Thoracic nerves

by Craig Canby, PhD

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    Welcome to this lecture on the nerves of the thoracic cavity. This slide brings us to the learning objectives that you should be able to answer at the conclusion of this presentation. First, describe the distributions of the phrenic nerve and the sympathetic and parasympathetic divisions of the autonomic nervous system. Compare and contrast the general functions of the autonomic nervous system. Describe the clinically applied anatomy of vocal cord paralysis and achalasia. Describe the clinically applied anatomy of asthma, pancoast tumour and cardiac referred pain. And then, we will summarize the key take-home messages from this presentation. And then, lastly, provide attribution for the images that were used throughout this presentation. This is the body map. And since we are looking at the nerves of the thoracic cavity, we will be focusing in on this area, in an anterior view and then, we will also be looking internally along the posterior thoracic wall. The nerves that we are going to be covering in this presentation are the phrenic nerves, the vagus nerves, the sympathetic trunks as well as autonomic nervous plexuses. Our first nerve is that of the phrenic nerve. The phrenic nerve is formed from anterior rami of the third cervical spinal nerve, the fourth cervical spinal nerve and the fifth cervical spinal nerve and these anterior rami help to form, in part, the cervical plexus. The phrenic nerve, once it’s formed, will have an anterior course to the anterior scalene muscle. Here we see the right phrenic nerve on the right anterior scalene muscle, in the neck, and then we see the left phrenic nerve running on the anterior surface of the left anterior scalene. All phrenic nerves are going to run on the lateral margins of the pericardium. They convey both motor and sensory fibers and...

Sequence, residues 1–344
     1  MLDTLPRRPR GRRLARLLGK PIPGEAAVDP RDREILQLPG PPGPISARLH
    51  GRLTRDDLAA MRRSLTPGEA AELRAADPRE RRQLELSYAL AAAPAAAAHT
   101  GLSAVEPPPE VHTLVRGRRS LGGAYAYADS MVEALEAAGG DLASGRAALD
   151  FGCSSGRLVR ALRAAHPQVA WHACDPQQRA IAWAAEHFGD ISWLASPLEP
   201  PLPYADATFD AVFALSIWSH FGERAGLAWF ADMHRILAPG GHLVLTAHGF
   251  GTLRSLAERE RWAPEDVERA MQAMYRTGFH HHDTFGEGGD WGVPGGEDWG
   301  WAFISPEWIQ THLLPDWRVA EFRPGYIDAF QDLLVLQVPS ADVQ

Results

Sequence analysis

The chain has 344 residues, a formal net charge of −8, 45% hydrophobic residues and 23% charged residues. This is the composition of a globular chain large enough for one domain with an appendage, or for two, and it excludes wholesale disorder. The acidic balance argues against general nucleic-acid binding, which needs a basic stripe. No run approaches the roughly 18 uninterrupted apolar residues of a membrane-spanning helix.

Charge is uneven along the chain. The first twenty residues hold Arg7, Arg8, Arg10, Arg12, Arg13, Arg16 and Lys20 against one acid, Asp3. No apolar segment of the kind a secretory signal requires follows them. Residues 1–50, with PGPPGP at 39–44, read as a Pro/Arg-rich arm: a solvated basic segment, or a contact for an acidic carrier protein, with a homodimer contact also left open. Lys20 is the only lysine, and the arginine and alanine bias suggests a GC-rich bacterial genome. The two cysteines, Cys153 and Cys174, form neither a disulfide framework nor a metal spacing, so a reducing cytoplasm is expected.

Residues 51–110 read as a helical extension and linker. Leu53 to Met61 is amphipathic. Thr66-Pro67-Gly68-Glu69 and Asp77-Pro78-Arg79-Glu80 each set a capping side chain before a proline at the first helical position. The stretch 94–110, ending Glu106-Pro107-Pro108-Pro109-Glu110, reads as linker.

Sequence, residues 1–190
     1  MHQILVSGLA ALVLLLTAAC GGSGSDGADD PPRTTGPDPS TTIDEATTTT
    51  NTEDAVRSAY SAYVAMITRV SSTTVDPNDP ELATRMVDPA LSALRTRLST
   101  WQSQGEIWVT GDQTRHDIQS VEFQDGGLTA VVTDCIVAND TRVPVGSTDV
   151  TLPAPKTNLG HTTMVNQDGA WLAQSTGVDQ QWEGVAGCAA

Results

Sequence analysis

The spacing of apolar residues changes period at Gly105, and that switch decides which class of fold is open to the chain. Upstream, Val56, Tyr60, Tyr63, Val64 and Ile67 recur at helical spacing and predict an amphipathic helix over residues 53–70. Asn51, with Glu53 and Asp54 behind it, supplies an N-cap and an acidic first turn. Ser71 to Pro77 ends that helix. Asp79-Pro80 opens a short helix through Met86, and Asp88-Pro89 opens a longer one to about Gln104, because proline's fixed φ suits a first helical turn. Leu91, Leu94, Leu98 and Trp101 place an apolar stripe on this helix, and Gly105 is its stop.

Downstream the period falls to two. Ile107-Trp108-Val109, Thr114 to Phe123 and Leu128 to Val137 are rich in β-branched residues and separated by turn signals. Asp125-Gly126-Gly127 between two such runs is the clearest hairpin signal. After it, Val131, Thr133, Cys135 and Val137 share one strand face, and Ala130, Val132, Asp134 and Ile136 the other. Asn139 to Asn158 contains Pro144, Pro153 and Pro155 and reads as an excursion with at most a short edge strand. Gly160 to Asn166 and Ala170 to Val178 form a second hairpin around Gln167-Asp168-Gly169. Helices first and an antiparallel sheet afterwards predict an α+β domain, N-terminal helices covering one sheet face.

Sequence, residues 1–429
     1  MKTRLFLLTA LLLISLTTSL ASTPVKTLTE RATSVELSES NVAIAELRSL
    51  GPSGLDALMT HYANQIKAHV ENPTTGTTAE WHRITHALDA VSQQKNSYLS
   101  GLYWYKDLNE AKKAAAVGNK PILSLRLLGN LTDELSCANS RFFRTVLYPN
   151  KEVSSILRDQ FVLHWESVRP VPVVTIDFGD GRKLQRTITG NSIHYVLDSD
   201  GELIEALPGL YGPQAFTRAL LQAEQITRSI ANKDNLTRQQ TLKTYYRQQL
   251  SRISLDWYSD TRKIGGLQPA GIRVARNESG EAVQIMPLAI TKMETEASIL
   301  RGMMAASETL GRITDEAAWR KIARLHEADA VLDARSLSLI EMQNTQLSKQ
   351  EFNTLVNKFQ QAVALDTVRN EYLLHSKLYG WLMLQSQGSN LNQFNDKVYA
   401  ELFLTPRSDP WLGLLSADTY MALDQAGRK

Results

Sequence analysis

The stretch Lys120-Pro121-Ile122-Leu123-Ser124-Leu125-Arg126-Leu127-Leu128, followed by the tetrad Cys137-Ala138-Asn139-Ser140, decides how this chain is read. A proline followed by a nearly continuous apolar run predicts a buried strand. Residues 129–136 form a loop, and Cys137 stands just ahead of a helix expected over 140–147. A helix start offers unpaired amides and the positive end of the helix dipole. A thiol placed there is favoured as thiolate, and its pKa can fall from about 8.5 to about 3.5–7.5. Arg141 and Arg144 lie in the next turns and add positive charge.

About the Lecture

    The lecture Thoracic nerves by Craig Canby, PhD is from the course Thoracic Viscera. It contains the following chapters:

    • Phrenic nerve
    • Vagus nerve
    • Sympathetics in the thorax
    • Clinically applied anatomy

    Included Quiz Questions

    1. CIII-CV
    2. CI-CII
    3. CII-CIII
    4. CV-CVII
    5. CVI-CVIII
    1. Right subclavian artery
    2. Left subclavian artery
    3. Aortic arch
    4. Trachea
    5. Esophagus
    1. Recurrent laryngeal nerve
    2. Phrenic nerve
    3. Posterior vagal trunk
    4. Anterior vagal trunk
    5. Sympathetic trunk
    1. Bronchodilation
    2. Vasodilation of pulmonary vessels
    3. Decrease in heart rate
    4. Increase in peristalsis
    1. Increased sweating
    2. Ptosis
    3. Miosis
    4. Weakness of intrinsic hand muscles

    Author of lecture Thoracic nerves

     Craig Canby, PhD

    Craig Canby, PhD

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